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Deep breath

Eyeing college stress, sleep patterns


MIT professor Rosalind Picard is worried about campus stress.

After a handful of suicides in recent years, Picard started thinking about how her own work might be able to help change MIT’s emotional climate. The founder and director of the Affective Computing Research Group at the university’s Media Lab, Picard has long tried to turn emotions into something that can be counted and measured — following the “old engineering principle that for something to be controllable, it has to be observable.”

Simply asking people about their stress levels doesn’t work. “Usually they’ll say, ‘Oh, I’m fine,’ ” said Picard, who is also faculty chair of the school’s MindHandHeart Initiative, a campus-wide effort toward student wellness. People may not even know themselves when they’re becoming more vulnerable.


For the last five semesters, she and Akane Sano, who just received her doctorate in affective computing and is now a research scientist in Picard’s lab, have been tracking student stress in one of the largest studies of its kind.

In their five 30-day studies, they’ve followed up to 50 students at a time with stress monitors, twice-daily questionnaires, cellphone trackers, nutrition check-ins, and some physiologic measures of signals like melatonin levels.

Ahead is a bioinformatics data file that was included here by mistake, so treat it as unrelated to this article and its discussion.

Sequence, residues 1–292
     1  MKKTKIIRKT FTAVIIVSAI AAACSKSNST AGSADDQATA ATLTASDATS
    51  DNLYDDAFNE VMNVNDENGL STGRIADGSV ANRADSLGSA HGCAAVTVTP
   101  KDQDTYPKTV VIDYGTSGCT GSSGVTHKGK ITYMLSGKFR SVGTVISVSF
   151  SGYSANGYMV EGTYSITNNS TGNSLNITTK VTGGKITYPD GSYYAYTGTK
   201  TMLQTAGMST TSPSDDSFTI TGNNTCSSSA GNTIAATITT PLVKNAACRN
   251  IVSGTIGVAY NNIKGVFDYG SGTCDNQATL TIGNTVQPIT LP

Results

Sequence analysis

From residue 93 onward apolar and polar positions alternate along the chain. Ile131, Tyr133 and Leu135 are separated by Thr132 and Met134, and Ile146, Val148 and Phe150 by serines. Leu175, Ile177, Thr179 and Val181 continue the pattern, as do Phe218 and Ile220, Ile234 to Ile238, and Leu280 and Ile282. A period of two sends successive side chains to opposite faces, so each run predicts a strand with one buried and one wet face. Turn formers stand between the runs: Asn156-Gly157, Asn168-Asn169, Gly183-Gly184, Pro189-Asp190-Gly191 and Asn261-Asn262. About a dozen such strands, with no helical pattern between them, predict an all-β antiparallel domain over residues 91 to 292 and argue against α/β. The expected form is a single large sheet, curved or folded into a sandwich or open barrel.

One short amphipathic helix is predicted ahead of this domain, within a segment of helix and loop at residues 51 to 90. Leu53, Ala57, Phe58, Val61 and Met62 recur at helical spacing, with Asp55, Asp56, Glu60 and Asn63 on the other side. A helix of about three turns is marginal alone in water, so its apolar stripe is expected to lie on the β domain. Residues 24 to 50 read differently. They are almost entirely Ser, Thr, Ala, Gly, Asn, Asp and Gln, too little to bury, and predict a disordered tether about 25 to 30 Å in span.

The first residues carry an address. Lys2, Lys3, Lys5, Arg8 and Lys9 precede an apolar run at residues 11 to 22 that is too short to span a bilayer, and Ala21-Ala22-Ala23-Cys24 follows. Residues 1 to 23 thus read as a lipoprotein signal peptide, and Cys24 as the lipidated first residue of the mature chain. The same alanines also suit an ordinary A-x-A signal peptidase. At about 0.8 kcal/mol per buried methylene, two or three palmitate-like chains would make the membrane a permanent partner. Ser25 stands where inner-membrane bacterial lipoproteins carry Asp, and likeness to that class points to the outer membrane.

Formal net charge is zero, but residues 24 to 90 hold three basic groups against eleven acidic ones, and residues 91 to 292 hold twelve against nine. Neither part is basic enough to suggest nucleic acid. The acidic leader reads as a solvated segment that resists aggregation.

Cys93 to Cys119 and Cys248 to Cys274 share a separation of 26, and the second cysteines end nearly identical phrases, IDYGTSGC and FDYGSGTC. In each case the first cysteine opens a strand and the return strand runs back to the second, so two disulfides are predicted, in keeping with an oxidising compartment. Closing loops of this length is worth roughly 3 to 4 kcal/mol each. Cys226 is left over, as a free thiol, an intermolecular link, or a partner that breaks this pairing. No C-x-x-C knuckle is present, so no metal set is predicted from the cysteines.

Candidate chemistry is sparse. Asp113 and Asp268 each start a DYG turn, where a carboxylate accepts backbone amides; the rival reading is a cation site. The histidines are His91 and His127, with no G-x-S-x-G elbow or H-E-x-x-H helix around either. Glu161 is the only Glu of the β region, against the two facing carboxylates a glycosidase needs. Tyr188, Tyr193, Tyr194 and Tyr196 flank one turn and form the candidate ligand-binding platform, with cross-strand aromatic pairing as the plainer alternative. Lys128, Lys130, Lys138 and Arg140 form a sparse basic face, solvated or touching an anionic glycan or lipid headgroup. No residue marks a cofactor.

“We have been using machine learning techniques to find out . . . the significant difference in behaviors between high-stress and low-stress people,” Sano said.

One finding of their studies is that students with poor sleep quality were more likely to be highly stressed. The researchers also found an association between low mental health and high stress. And they found that students who talked on their phones late at night were more anxious than those who didn’t.

The studies are too short-term to prove what caused what, Sano said. Did students make phone calls because they were stressed, or did those late-night calls add to their tension?


Picard and Sano are now planning a yearlong study, hoping it will enable them to predict oncoming problems, like depression.

But for people to stick with a study like that, it has to be fun. She’s been playing around with inserting goofy questions along with the serious ones. “Can you multiply?” the trial program recently asked the MIT professor. “How much giraffe are you?”

Once she’s compiled the data, Picard hopes the evidence will be convincing. People who don’t sleep much and show signs they’re on a downward trajectory, might be shown data that those who sleep more are less stressed, mentally healthier, more creative, and have higher GPAs.

“I’m not going to tell people what to do,” she said, but then asked, with a smile: “What time are you going to bed tonight?”